Genre: Urban Fantasy
Publication Date: January 1st 2006
Length: 15 hours and 8 minutes
Description from Goodreads:
Paranormal investigations are Harry Dresden’s business and Chicago is his beat, as he tries to bring law and order to a world of wizards and monsters that exists alongside everyday life. And though most inhabitants of the Windy City don’t believe in magic, the Special Investigations Department of the Chicago PD knows better.
Karrin Murphy is the head of S. I. and Harry’s good friend. So when a killer vampire threatens to destroy Murphy’s reputation unless Harry does her bidding, he has no choice. The vampire wants the Word of Kemmler (whatever that is) and all the power that comes with it. Now, Harry is in a race against time—and six merciless necromancers—to find the Word before Chicago experiences a Halloween night to wake the dead…
Oh boy, so many thoughts. Dead Beat was my favorite book in the series so far in terms of plot, but unfortunately I think it’s going to be my last, at least for a while.
I don’t even know what rating to give this book. Compared to the other books in the series, it’s definitely my favorite, but it still suffered from the same problem as the other books: Harry Dresden is sexist and kind of a pig and doesn’t seem to be improving throughout the series.
I absolutely love the narration that James Marsters does for the audiobooks, which is why I started listening in the first place, but I just can’t deal with Harry Dresden anymore.
I’ve always been put off by Harry’s blatant sexism/chauvinism, but I kind of just dealt with it and pushed my feelings aside, hoping that the character would grow and see women as his equal, rather than just a pile of boobs. There are a lot of female characters in this series that Harry does respect and look up to, but there are just as many that he only describes by their breast size.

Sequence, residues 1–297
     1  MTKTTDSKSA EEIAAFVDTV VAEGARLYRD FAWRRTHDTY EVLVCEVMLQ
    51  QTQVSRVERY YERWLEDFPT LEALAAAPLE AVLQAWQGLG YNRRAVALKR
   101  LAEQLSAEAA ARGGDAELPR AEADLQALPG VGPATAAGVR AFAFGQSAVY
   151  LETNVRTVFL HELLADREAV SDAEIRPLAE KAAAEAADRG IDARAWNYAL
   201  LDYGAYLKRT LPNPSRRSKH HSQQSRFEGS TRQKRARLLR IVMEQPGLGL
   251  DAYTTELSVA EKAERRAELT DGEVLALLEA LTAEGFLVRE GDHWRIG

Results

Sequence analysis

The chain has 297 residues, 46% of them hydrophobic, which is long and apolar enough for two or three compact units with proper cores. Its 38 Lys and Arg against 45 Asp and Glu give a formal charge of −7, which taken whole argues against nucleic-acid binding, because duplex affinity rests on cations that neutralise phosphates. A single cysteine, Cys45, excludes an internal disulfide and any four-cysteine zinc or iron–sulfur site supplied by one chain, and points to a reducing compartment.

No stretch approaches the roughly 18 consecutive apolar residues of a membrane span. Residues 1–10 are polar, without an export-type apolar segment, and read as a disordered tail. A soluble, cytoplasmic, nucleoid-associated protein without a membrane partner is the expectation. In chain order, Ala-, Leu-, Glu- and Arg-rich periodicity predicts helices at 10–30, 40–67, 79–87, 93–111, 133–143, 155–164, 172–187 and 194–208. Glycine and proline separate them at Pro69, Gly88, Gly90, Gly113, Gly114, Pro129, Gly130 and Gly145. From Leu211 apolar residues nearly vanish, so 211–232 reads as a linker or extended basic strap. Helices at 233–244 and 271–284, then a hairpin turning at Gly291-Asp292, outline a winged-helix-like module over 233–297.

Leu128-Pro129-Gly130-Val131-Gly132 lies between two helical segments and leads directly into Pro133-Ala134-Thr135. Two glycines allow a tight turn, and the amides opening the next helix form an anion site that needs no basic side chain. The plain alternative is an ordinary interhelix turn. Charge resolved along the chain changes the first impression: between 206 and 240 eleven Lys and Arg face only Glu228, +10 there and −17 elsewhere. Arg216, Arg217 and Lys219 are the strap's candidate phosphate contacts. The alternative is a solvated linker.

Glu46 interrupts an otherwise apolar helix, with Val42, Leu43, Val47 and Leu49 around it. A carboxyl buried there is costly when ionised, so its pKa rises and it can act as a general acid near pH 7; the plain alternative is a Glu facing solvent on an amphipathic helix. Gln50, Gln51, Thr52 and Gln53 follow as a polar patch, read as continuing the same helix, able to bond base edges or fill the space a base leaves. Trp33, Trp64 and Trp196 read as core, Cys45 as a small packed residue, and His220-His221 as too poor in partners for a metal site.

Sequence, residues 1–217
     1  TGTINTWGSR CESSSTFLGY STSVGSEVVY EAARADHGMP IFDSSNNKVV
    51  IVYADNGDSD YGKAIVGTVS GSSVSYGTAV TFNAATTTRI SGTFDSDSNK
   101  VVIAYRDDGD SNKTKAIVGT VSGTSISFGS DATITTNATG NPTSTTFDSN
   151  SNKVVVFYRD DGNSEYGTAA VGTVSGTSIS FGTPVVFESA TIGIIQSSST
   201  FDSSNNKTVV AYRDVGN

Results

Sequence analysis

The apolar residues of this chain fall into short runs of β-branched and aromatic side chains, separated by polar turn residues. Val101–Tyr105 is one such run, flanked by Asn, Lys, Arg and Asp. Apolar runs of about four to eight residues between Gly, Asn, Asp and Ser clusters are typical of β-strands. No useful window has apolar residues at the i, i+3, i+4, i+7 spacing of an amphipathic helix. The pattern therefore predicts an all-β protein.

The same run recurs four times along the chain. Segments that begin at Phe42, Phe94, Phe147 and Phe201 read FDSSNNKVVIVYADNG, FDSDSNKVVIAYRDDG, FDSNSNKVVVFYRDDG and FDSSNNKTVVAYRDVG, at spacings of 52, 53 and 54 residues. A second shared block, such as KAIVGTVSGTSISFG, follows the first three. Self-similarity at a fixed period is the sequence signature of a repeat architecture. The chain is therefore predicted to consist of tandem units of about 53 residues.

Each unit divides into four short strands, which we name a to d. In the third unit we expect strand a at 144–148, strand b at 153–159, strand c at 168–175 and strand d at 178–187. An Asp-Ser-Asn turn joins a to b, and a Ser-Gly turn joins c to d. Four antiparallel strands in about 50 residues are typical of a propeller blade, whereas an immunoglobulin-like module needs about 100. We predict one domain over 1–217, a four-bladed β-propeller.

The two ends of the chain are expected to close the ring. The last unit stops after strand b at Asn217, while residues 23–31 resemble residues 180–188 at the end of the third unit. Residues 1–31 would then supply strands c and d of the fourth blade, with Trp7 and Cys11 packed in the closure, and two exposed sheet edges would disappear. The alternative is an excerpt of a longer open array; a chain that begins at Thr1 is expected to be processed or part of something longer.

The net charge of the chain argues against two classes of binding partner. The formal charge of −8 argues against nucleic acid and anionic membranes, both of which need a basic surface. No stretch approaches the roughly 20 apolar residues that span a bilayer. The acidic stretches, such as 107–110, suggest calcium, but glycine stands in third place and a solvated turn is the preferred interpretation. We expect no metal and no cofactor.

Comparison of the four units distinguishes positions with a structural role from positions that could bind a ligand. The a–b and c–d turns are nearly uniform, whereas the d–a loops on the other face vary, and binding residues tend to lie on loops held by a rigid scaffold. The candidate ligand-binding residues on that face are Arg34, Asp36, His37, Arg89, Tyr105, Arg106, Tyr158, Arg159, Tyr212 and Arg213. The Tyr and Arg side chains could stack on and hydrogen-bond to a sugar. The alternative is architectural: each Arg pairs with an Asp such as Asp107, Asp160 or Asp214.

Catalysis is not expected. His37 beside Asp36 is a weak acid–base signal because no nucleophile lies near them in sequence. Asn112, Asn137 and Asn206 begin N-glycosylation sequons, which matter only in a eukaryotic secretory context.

There’s literally a part in this book where a woman is in danger of getting killed and Harry says something along the lines of how it would be a tragedy to lose such a great pair of boobs.
I was kind of fine when his views towards women were only chivalrous in nature. As a woman, it was kind of insulting that he was always harping on about how women needed saving, but I got over that. Harry is the type of character that wants to help everybody, anyway, and it’s not like he was only overprotective of women. There are plenty of male characters who he responds to in that way. But when he’s just valuing a character’s worth based on how attractive they are, I’m out.
Let me just clarify, I don’t think the author is sexist. Harry is constantly calling himself out on his outdated views of women. Plus, there are a lot of strong female characters in the series. But does that make it better? Probably not. Plus, it gets harder and harder to rally behind a character who does not seem to have grown much, even though this is the seventh book in the series.
At first, I thought it was an interesting character flaw and was excited to see him grow, but that hasn’t really happened, in my opinion. His thoughts in this book felt no different than the way he felt in the first book.
So while I really loved this series for a while, I think it’s time to say goodbye, or at least take a break. The one thing that is making me not give up on them completely is that Harry never acts on his feelings. He never really outwardly treats women differently.
It’s one thing to think something bad, but to act on those thoughts is completely different. So, no, I don’t think Harry is a bad person. I’m just annoyed with him right now. Maybe in a different mindset I will revisit the series, but for now, I’m saying goodbye to Harry Dresden.